Well it turns out he tried.  At the GTD Summit this summer, David told the group about this project.  It was again shared on his blog.

“At the Summit I briefly shared a vision of the “ultimate GTD app” which consists of 19 pages of hand-drawn drafts of the screens I would want to use. I just said to myself, “Can I click F1 on my computer and get to a clear head?” I spent two days creating those screens. This was in 1994. “Since I drew these, we’ve invested in two serious attempts at producing a software product that would do it (or at least come close). Both ended in a “not yet” conclusion, after tremendous research in the tech and analysis of the market (one in the mid-1990s and the last in the mid-2010s.) “

David has now shared the drafts with the world in the hope that someone will crack the code and make the ultimate GTD app.  Read the entire post on his blog to learn more.

David-Allen-GTD

2nd Brain Paradigm Shifts

Have you shifted a paradigm recently?

Paradigms are philosophical and theoretical frameworks that we all employ in our minds to help us navigate the world.  Whenever someone experiences a radical change in perspective, we tend to say that they underwent a paradigm shift.

Tiago Forte believes that to succeed in our information abundant world, we need to undergo a set a paradigm shifts regarding how we understand and work with knowledge.  In a recent post on his blog, he explores a new way to think about the purpose of his course, Building a Second Brain:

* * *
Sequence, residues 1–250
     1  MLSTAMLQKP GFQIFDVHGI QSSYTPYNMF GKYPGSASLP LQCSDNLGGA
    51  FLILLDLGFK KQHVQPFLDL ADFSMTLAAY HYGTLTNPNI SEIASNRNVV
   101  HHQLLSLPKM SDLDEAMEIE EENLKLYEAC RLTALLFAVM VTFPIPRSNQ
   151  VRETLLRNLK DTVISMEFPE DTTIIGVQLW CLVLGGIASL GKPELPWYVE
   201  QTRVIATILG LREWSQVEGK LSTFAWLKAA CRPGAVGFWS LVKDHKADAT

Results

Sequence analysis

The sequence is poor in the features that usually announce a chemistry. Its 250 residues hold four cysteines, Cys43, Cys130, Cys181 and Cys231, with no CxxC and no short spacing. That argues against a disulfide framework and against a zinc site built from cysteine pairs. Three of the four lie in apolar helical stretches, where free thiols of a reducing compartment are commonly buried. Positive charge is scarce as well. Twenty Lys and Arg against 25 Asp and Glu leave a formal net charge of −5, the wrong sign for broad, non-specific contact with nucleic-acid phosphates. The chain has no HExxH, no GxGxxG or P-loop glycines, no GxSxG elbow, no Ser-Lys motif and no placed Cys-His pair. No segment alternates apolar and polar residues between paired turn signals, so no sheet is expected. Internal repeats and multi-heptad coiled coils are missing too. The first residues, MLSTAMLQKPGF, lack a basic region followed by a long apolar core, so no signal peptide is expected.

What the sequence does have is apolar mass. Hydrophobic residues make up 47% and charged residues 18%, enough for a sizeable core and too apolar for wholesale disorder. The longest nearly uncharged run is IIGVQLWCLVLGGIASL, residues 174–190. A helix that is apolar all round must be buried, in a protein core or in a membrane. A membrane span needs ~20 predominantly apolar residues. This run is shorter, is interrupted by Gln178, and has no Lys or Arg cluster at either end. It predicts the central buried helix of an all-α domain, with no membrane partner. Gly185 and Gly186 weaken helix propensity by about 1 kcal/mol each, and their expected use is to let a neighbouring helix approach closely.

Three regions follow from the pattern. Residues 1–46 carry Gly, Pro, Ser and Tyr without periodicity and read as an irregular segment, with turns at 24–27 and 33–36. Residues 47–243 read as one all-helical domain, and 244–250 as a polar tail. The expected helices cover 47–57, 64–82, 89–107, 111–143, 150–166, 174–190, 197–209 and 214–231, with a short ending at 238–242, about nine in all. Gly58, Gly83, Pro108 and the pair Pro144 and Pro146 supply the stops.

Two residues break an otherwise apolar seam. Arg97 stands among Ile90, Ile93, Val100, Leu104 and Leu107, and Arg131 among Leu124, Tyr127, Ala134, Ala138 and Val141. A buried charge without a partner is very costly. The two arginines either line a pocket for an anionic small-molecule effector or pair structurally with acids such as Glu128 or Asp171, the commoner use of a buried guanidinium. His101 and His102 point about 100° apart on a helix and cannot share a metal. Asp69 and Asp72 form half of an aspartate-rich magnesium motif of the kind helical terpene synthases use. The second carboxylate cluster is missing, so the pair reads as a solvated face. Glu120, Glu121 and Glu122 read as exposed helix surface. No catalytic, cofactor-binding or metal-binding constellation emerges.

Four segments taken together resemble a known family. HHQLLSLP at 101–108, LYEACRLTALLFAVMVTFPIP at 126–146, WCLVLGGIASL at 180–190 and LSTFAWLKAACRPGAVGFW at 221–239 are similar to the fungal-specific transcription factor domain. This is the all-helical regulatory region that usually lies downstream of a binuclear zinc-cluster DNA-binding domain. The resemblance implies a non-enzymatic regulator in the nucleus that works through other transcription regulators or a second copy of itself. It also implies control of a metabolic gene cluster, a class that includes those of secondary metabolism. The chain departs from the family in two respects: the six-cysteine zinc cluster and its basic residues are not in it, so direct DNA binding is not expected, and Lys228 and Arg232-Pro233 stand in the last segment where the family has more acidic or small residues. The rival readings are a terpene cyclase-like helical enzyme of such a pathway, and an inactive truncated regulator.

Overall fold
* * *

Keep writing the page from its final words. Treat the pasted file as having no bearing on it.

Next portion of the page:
“This may sound strange, but I increasingly believe that the purpose of this course is not to give students new ideas. It’s not even to give them useful techniques. Endless ideas and techniques are already out there for the taking. No, the purpose of this course is to take people through a series of personal paradigm shifts in their relationship to technology, knowledge, and the new world that is evolving ever faster.”

basb

Tiago believe the course allows for at least twenty paradigm shifts!  Have you gone through any of them yet?

What Does the Science Say?

There are many methods and techniques to become organized at home and work.  The list is long and includes GTD, Building a Second Brain, KonMari, and many others.  However, have you ever thought that the gains made by these approaches are only illusionary?   Perhaps they are all simply feel-good methods that work for a short time and then fade away?  In short, is there any science to back up the claims of these systems?

In a blog post on the revamped Getting Things Done web site, David Allen provides a brief overview to explain why methods like GTD have an impact that relates directly to cognitive science.

“Recent cognitive science research shows that the number of things you can mentally prioritize, manage, retain, and recall is . . . (hold on) . . . four! If you park any more than that in your head, you will sub-optimize your cognitive functioning. You will be driven by whatever is latest and loudest—rather than by strategy, intuition, or objective assessment.”

Read the rest of David’s thoughts along with his book suggestions on the Getting Things Done blog.David-Allen-GTD